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LiDAR reveals Mayan mega city hidden in Guatemalan jungle

LiDAR can do more than tell a self-driving car that there's an obstacle in the way.
Mariella Moon, @mariella_moon
February 4, 2018
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WILD BLUE MEDIA/NATIONAL GEOGRAPHIC

A vast Mayan megalopolis apparently lies hidden underneath all the trees, creepers and centuries of growth and soil in the Guatemalan forest -- and we might never have found it if not for the wonders of laser technology. The PACUNAM Foundation, which champions the use of scientific research to preserve cultural heritage, has scanned the jungles in the country using Light Detection and Ranging (LiDAR) technology and found an interconnected network of ancient cities. They discovered 60,000 previously unknown structures without having to cut down a single plant, and that discovery changes many things we thought we knew about the ancient civilization.

The sheer size of the megalopolis suggests that Mayan populations were bigger than we thought. Previous estimates put the Mayan people's population at around 5 million, but now it's possible that there were 10 to 15 million of them. The fact that the team discovered houses, pyramids, palaces and elevated highways even though Mayans didn't use wheels or relied of beasts on burden indicates that they had an organized workforce.

Since the cities in the hidden megalopolis were connected by wide causeways, the Mayans likely interacted regularly and might've had established trade routes. Further, all the ramparts and fortresses found in the ruins show that "warfare," as team member and archaeologist Thomas Garrison explained, "wasn't only happening toward the end of the civilization."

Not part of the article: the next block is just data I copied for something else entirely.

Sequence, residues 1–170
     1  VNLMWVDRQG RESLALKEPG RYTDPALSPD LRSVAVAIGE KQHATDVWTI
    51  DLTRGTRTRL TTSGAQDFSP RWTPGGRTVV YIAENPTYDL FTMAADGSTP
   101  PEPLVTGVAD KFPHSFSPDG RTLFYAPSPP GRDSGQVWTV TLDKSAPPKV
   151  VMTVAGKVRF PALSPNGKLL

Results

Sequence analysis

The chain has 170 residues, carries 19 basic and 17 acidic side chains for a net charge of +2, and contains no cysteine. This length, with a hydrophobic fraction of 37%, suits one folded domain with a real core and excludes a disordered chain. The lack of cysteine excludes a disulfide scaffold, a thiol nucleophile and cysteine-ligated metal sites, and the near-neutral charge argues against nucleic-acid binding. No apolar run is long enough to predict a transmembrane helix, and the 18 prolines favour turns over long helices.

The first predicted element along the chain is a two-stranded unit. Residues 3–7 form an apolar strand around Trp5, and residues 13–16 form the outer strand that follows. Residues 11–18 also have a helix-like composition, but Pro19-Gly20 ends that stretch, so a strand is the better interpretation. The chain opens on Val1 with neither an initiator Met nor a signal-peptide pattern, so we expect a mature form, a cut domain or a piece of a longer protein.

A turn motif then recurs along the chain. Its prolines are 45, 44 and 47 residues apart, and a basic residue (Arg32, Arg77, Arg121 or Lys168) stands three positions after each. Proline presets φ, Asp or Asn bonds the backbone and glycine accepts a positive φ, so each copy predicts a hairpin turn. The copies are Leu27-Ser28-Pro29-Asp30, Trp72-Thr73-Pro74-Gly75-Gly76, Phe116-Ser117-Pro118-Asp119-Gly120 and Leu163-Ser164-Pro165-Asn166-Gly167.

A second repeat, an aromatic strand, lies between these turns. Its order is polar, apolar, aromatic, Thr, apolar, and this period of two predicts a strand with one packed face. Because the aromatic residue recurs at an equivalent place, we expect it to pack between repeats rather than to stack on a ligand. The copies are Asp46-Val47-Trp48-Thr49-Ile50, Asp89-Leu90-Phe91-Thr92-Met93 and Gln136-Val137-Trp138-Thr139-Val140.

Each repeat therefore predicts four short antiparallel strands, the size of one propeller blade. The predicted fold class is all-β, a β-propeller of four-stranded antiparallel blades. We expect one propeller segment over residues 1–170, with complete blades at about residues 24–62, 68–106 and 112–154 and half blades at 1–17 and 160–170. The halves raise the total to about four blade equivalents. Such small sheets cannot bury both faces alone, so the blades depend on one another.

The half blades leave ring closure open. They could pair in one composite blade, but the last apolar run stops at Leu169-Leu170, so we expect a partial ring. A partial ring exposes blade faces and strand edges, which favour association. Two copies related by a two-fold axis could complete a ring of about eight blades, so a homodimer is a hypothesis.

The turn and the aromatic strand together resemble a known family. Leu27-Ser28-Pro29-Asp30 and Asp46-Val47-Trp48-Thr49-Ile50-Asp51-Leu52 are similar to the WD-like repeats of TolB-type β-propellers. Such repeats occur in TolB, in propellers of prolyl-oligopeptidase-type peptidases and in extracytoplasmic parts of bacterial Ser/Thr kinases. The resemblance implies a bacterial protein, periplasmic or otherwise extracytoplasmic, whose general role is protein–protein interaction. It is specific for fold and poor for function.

While we mostly talk about LiDAR as a system that helps self-driving cars and robots "see" their environments, scientists have also been using it to survey the environment without disturbing it. That's why it's the perfect tool for PACUNAM's scientists -- aside from the fact that physically looking for the ruins would've taken forever, Guatemala is already losing 10 percent of its forests every year to agriculture and human settlement. In fact, we'll probably hear more discoveries in the future, since this is only the initiative's first phase: the organization plans to use LiDAR to map over 5,000 square miles of Guatemala's lowlands in the future.

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